Final Installment, The Talon, April 1973
While taking a leisurely stroll down the tunnels the other day, Pierre and I came across an old and molding manuscript lying neglected in the dust. It seems to have been written by one S. A. Trist, presumably a cadet back in the brown shoe days–or before. The manuscript consisted of five books, describing–as far as I can tell–the origins of the Academy and the laws and lineages of the same. A fine old document it is too, and so we thought that we’d reproduce some of it for your erudition. If you like it, we may reproduce some more (then again, we may regardless of what you think). Here then is the opening chapter of the first book:
"In the beginning the Air Force created the Academy. And the Academy was without form, and blank; and wildness was upon the face of the mountainside. But the spirit of the Air Force moved upon the face of the countryside.
"And the Air Force decreed: Let there be a Site; and lo, the State of Colorado donated a site, and the Air Force saw the site and decided that it would do.
"And the celebration and the merrymaking were the First Cost.
"And the bulldozers came and divided the grasses from the dirt. The grasses they called the Hay and the dirt, Site.
"And the surveyors and bulldozers were the Second Cost.
"And it was decreed: Let the marble and the aluminum be brought together into one place; and let long buildings appear, and it was so. The Spirit of the Air Force divided the living from the learning by a deep road; and the living he called Vandenberg Hall and the learning he called Fairchild Hall; and the spirit saw that it was close enough for government work.
"And the Spirit said, let there be grasses again, and let them form a parade field and a chapel mall and an air gardens each bearing seeds of its own existence, and the justification thereof.
"And the diggers and the fillers were the Third Cost.
"And the Spirit said, let there be lights in the buildings and on the terrazzo, to give guidance by night and to be turned off at reveille, or when the costs must be kept down. Thus decreed the spirit, and he made the stars also; the one to rule over the learning and the other to rule over the living and two or three to rule over them all. And the Spirit saw that it was good.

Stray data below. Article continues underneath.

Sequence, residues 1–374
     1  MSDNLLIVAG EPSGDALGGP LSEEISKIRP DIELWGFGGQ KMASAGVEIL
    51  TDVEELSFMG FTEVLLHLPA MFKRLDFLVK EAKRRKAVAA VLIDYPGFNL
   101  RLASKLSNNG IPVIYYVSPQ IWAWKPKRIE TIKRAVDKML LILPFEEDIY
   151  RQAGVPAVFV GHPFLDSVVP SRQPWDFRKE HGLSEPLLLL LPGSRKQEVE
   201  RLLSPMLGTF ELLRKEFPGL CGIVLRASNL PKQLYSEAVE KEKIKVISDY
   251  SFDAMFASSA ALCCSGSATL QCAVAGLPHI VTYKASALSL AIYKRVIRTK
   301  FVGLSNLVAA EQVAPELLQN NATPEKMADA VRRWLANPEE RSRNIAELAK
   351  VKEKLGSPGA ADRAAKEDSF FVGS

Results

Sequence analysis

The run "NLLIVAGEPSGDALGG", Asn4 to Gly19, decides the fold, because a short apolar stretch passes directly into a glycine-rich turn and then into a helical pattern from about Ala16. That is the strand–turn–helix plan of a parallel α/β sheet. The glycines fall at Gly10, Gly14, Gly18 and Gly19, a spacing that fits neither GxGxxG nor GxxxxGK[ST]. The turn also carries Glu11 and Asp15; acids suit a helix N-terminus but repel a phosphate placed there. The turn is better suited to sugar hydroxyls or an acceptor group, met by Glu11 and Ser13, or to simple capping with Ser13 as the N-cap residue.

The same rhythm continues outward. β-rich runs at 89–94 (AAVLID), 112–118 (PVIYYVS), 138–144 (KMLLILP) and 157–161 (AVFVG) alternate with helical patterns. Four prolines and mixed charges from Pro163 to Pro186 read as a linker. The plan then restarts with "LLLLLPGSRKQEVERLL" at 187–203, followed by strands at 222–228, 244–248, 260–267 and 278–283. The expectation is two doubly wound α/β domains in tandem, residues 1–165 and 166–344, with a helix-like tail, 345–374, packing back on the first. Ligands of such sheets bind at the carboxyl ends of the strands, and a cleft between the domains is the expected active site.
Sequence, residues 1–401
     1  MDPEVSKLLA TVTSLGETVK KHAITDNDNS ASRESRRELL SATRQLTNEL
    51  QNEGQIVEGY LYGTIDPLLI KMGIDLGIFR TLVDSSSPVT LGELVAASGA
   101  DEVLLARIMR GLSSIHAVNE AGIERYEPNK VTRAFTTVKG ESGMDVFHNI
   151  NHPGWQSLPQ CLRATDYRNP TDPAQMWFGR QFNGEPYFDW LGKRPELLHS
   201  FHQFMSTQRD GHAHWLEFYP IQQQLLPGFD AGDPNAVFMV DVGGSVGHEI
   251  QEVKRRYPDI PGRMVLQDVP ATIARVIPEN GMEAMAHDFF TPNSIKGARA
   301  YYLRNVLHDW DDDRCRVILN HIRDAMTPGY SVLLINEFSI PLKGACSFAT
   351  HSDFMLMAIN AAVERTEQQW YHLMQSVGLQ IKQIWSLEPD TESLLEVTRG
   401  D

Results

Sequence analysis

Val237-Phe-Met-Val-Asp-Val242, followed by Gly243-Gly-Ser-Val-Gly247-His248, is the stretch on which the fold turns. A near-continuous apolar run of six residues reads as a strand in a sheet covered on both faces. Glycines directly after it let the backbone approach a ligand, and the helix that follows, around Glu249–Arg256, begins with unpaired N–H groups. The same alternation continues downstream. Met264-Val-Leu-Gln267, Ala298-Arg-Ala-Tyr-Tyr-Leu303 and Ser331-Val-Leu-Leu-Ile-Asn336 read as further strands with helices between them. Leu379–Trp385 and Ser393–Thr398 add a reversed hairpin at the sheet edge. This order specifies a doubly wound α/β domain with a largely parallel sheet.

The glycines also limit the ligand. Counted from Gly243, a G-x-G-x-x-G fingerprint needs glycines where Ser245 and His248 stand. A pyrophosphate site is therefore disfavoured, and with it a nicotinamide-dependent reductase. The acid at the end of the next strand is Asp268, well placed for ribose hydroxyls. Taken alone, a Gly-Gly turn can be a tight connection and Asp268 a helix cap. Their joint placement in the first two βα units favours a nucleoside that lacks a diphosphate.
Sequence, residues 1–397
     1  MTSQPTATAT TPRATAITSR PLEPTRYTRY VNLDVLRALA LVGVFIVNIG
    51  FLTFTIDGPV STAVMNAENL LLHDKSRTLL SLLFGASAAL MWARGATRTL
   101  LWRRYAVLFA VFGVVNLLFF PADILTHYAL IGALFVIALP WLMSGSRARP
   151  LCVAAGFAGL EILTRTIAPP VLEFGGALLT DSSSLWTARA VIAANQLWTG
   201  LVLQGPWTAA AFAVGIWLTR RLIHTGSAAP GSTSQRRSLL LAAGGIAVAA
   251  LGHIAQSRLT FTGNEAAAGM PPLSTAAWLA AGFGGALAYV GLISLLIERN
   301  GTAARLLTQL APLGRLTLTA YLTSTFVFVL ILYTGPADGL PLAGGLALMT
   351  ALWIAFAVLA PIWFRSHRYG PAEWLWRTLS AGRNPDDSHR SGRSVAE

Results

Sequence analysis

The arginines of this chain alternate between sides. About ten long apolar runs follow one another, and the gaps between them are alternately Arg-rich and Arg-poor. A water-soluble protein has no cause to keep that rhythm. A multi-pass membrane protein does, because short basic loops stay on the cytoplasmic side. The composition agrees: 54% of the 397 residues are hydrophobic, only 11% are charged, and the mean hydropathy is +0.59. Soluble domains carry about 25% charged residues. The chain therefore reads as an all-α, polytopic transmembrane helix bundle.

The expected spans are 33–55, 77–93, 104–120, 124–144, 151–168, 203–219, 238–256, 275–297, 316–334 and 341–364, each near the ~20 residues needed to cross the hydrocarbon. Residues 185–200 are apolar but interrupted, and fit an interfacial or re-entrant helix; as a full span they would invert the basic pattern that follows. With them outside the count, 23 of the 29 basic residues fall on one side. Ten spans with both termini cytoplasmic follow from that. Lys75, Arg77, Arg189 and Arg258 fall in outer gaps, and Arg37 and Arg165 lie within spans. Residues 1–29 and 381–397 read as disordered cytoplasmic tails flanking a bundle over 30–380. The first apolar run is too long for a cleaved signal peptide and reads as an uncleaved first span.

"And the furnishings and the salaries were the Fourth Cost.
"And the Spirit said, let the country bring forth abundantly moving creatures to service this Site: instructors, AOCs, barbers, and waiters in abundance, each after his own kind.
"And he decreed that their numbers should be multiplied, for, he said, we expect quite a turnover, especially among the waiters.
"And the parking lots and swagger sticks were the Fifth cost.
"And the Spirit said, let us make Cadets in our own image, and after our likeness; and let us have dominion over them, and let them be subject to the AOCs and the instructors and every living thing that moves upon the face of the Academy, save the waiter. And the Spirit saw the Cadets and saw that they were very, very good.
"And the moaning of the brass jugs being beaten into shape were the Sixth and Lasting Cost.
"Thus was the Academy finished, and the host of all those that inhabit it.
"And the Spirit of the Air Force surveyed all that he had made; and it was just what he wanted. And after paying the six bills he defaulted on the seventh."
The Secret Life of Waldo F. Dumbsquat
Premier Installment, The Talon, October 1973
NOTE: This column first appeared in Dodo, Volume 6, Number 12, 1962